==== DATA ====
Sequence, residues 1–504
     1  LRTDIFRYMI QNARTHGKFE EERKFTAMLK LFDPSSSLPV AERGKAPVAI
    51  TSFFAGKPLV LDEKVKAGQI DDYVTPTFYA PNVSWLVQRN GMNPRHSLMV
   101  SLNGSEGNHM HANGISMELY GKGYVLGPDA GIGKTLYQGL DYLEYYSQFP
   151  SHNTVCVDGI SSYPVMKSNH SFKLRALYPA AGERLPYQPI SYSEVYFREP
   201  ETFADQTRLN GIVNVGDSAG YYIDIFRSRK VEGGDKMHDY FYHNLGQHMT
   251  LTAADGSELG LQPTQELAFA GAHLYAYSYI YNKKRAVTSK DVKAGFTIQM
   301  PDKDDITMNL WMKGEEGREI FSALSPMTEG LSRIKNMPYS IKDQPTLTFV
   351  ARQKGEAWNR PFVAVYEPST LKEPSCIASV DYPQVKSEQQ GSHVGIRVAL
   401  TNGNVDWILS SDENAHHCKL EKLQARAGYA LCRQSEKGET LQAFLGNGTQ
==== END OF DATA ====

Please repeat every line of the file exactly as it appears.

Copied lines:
Sequence, residues 1–504
     1  LRTDIFRYMI QNARTHGKFE EERKFTAMLK LFDPSSSLPV AERGKAPVAI
    51  TSFFAGKPLV LDEKVKAGQI DDYVTPTFYA PNVSWLVQRN GMNPRHSLMV
   101  SLNGSEGNHM HANGISMELY GKGYVLGPDA GIGKTLYQGL DYLEYYSQFP
   151  SHNTVCVDGI SSYPVMKSNH SFKLRALYPA AGERLPYQPI SYSEVYFREP
   201  ETFADQTRLN GIVNVGDSAG YYIDIFRSRK VEGGDKMHDY FYHNLGQHMT
   251  LTAADGSELG LQPTQELAFA GAHLYAYSYI YNKKRAVTSK DVKAGFTIQM
   301  PDKDDITMNL WMKGEEGREI FSALSPMTEG LSRIKNMPYS IKDQPTLTFV
   351  ARQKGEAWNR PFVAVYEPST LKEPSCIASV DYPQVKSEQQ GSHVGIRVAL
   401  TNGNVDWILS SDENAHHCKL EKLQARAGYA LCRQSEKGET LQAFLGNGTQ